In Memory – Terry Denbrook

October 24, 2011

Comments are open below for your memories.

Long time SBE member Terry Denbrook passed passed away Sunday, Oct. 23 at the age of 66. Terry was a cancer survivor but had suffered from complications due to its treatment. He never let those complications slow him down.

Terry’s career in broadcast started at a young age. His radio life began at KTWR (now KMTT) in Tacoma in 1958 mentored by KTWR’s founder Tom W. Read. While a student at Tacoma’s Wilson High School, Terry worked as a board op and engineer for KLAY-FM Tacoma for 4 years. Once in college as a student at Pacific Lutheran in Parkland WA, Terry became the program director and engineer for KPLU. He graduated from Pacific Lutheran University and attended Bates Technical College in Tacoma and the University of Oregon in Eugene. After five years at KPLU, Terry worked as a freelance engineer in radio and for Puget Sound Audio.

In spring of 1965, the father and son team of Loren F. Denbrook and Terry W. Denbrook founded a company called Denbrook Enterprises with the goal of starting the first FM-only commercial radio station in Spokane, Washington. KTWD went on the air in 1966 as Spokane’s first stereo FM station. At the age of 21, Terry served as chief engineer and station manager and lived in an apartment right above the station whose call letters contained his initials.

In 1970, Denbrook Enterprises sold KTWD and Terry entered the world of television. He worked six months at KGVO-TV (now KECI, Missoula) as maintenance engineer, master control switcher and one of the first ENG (electronic news gathering) operators in the country. He then spent two years at KREM-TV Spokane as a video tape operator and camera operator.

Terry came back to Tacoma to help with his father’s electronics company and to start his long association in broadcast services at the University of Washington. With Puget Sound Audio, Terry was frequently called to service tape recorders at KUOW radio in Seattle. It wasn’t long before he was offered and accepted a half time position at KUOW, at the same time, he also took a part time job at KCTS Channel 9. It was Terry’s intention to make his career in TV but, in the end, he decided to stay in radio. In 1976 Terry accepted a full time position as the Chief Engineer at KUOW, a position he held for 35 years. Over this time he helped guide KUOW into the 21st Century by pioneering HD Radio multicast services and expanding its reach throughout western Washington. Terry’s engineering expertise did not stop at KUOW as he often helped out those stations in need.

Ever passionate about broadcast, Terry helped form the local chapter of the Audio Engineering Society in 1978 and was recognized for his efforts in 1998 as founding chair and Treasurer Emeritus by AES.  He always looked forward to attending the AES, PRC and NAB each year to catch up and reconnect with vendors and other engineers.

Terry’s interests extended far beyond engineering. His love for the Big Band Era, pop music of the 1950s, and especially Broadway musicals was legendary. He saw a musical every time he got the opportunity, whether it was in New York, Las Vegas, or Seattle. He provided inspiration and guidance for KUOW’s program The Swing Years and over the years donated many musical works to The Swing Years library.

He is survived by his brother, Rob Denbrook, Rob’s children and grandchildren along with his dear friend Janet “Tsunami” Barnes.



22 Responses to In Memory – Terry Denbrook

  1. sbe161
    October 24, 2011 at 8:57 pm

    A good friend who will be missed dearly.
    Jim Dalke

  2. sbe161
    October 24, 2011 at 8:58 pm

    Ya know, it’s kind of funny, but I’ve managed the tower that Terry stored his most significant radiators on for 12 years now. I’ve seen him move antennas up, down and around. I’ve seen him do some amazing things and some things, to be honest, that I’ve questioned. But for some reason, when I think of Terry, I can’t help but be reminded of the time we spent one evening at 13 coins. The dude ate three bowls of french onion soup and talked about old cross bar phone exchanges for hours…..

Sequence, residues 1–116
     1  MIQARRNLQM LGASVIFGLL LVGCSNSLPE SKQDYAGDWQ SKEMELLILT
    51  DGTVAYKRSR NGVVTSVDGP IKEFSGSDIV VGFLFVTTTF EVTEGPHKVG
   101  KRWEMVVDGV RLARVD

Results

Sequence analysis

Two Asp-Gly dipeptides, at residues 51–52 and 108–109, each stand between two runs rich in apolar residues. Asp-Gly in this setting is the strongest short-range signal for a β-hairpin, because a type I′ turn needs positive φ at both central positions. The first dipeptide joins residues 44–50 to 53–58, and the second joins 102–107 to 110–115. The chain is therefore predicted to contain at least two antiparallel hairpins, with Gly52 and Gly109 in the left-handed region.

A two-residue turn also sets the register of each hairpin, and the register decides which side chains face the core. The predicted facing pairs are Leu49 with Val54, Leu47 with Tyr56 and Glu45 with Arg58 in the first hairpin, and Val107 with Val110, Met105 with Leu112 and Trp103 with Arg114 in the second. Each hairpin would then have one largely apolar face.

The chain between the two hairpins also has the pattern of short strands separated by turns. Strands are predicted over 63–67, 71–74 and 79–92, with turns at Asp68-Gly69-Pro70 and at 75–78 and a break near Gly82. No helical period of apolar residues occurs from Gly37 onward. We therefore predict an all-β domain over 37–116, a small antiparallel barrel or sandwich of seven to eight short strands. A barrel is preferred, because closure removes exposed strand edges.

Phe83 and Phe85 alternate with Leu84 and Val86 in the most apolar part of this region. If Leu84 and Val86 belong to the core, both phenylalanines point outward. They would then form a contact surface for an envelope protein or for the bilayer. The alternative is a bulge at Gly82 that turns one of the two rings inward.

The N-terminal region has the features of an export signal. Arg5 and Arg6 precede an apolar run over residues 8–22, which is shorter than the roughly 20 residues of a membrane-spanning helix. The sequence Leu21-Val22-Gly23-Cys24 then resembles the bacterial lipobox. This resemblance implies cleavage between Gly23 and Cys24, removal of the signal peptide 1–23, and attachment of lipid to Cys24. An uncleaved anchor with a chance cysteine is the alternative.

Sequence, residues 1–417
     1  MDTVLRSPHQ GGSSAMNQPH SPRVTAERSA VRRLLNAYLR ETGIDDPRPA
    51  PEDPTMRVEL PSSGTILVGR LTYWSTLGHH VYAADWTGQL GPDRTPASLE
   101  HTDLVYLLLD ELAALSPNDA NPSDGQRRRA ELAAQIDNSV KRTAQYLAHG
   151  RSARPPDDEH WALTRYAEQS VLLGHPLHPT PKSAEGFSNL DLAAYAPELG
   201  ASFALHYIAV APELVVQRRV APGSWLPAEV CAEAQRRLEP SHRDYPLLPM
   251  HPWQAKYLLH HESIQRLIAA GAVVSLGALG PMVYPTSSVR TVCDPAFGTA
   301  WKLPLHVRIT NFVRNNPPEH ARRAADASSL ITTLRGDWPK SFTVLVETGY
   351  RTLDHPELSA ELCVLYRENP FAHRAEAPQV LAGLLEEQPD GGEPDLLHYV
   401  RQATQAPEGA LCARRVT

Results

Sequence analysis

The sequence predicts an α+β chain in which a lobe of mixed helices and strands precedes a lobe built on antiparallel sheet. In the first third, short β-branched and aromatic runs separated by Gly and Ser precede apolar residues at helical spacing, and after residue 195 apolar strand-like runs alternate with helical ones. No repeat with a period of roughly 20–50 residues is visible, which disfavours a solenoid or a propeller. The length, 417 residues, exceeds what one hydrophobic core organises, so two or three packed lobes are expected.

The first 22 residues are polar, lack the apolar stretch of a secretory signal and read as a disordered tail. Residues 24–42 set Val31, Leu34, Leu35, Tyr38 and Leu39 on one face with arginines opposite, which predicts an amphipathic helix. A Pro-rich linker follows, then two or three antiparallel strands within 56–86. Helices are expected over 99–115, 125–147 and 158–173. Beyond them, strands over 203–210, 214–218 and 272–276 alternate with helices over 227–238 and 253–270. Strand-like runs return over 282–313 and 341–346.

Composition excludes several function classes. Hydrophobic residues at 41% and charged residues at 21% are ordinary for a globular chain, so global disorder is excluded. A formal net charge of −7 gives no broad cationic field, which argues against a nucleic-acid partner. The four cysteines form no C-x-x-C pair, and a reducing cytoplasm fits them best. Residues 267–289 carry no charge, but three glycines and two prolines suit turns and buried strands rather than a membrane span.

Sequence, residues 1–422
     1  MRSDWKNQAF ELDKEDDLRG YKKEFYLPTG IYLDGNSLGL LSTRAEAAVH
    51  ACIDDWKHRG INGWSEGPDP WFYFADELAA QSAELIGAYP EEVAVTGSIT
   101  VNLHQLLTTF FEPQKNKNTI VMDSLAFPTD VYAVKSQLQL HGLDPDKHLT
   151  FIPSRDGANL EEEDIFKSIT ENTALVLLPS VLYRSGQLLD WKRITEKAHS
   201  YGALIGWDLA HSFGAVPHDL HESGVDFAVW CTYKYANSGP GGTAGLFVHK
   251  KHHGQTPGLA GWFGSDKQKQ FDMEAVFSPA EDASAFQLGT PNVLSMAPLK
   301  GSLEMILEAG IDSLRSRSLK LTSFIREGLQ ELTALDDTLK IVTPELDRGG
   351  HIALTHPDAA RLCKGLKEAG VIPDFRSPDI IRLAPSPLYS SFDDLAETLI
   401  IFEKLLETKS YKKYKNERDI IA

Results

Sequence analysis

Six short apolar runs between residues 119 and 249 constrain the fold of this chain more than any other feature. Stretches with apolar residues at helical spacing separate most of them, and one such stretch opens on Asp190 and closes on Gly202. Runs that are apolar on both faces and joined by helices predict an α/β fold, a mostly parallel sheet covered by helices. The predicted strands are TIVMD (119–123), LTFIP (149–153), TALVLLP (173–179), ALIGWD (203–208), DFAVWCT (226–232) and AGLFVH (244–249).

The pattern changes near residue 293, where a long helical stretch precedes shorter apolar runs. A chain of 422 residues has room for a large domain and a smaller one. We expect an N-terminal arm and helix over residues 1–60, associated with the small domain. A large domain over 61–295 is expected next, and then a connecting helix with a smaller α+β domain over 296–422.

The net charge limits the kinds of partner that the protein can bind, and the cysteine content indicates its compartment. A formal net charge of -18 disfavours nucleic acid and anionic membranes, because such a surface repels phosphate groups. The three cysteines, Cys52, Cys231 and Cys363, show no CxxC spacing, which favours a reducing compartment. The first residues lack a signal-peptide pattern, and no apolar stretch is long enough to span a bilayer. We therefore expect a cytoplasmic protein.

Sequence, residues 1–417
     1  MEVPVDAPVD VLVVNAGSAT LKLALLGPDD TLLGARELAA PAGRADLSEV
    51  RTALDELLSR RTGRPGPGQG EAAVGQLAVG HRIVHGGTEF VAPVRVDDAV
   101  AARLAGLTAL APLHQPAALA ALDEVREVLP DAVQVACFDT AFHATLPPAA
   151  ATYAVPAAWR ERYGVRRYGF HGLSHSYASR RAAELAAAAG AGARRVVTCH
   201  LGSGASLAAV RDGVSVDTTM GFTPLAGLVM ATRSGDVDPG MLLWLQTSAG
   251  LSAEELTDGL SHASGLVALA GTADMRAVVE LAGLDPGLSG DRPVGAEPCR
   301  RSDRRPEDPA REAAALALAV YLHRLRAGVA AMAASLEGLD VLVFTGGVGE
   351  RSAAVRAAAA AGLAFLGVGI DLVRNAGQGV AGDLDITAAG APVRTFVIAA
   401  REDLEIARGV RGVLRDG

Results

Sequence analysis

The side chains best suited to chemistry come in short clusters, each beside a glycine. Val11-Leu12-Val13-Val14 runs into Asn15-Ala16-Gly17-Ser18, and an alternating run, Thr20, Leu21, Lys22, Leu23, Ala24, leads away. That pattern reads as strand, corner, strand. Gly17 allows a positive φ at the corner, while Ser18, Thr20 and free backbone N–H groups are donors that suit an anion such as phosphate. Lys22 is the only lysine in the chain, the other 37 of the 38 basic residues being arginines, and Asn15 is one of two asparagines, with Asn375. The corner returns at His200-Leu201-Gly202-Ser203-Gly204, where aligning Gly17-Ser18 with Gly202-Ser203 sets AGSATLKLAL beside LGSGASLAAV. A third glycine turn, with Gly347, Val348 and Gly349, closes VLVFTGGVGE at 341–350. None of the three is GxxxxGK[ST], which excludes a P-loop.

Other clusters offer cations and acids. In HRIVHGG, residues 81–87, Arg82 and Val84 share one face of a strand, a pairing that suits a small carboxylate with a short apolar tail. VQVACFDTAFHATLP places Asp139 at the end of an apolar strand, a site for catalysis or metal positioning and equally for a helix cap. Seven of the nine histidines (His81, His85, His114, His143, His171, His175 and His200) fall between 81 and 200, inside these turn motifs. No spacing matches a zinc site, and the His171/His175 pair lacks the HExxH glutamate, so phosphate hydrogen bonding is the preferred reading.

Tim Schall

  3. Clay
    October 24, 2011 at 9:02 pm

    A significant loss of a long time Broadcast Engineer in our area. I first met Terry way back in the 60’s when he was working for Clay Huntington at KLAY in Tacoma.

    Many of you have known Terry for many years….

    Thanks –

    Clay Freinwald

  4. Dave Ratener
    October 24, 2011 at 9:03 pm

    My prayers go out to his family, he was a good engineer.
    Dave Ratener
    CE RadioSpokane

  5. Tim Schall
    October 24, 2011 at 9:05 pm

    Just looked at your transmitters old friend…. They continue to percolate….. You will be missed.

  6. Allan Freedman
    October 24, 2011 at 9:06 pm

    Sorry to hear about Terry’s passing. His presence at KUOW, public radio and the broadcast community will be sorely missed.

  7. Stephen Lockwood
    October 24, 2011 at 9:12 pm

    I enjoyed Terry’s company on numerous trips to various AM stations from Lacy to Juneau. Terry was happy to help various station owners install new facilities or get back on the air … even when it was clear that being paid might be troublesome. I enjoyed his sense of humor about this business. He was a good friend Hatfield & Dawson. He will be missed.

    Stephen
    Hatfield & Dawson

  8. October 25, 2011 at 8:38 am

    I supported Terry’s satcom antennas for close to a decade. When I first met Terry I had immediate respect for him. We’ve lost a world class radio engineer & heaven gains one.

    R.I.P. my friend.

    Pat
    Antenna & Satellite Technology

  9. Jeff Welton
    October 25, 2011 at 12:36 pm

    Just heard about this on the Pubtech remailer. Terry was a good friend and customer for many years – we spent quite a few hours on the phone in my tech support days and any conversation we had could be guaranteed to go off track at some point and turn into a discussion on how we could have built the widget better… Some of those suggestions became field upgrades, as I recall. A top guy to work with, all way around.

    Jeff W.
    Nautel

  10. Alex Hartman
    October 25, 2011 at 12:45 pm

    Sad day indeed. Terry always told me that nothing’s impossible, prove the world wrong, and indeed when we would meet at PREC and i would show him my latest impossibility, he’d just pat me on the back and smile.

    R.I.P. Terry

  11. October 25, 2011 at 12:49 pm

    Terry was a great engineer and a constant, contributing presence at the Association of Public Radio Engineers Conference each year;

    Terry, you will be missed – and say ‘Hi’ to Jon up there when you run into him – he loves to talk tech … 😉

    Rich Parker
    Vermont Public Radio
    APRE

  12. October 25, 2011 at 12:52 pm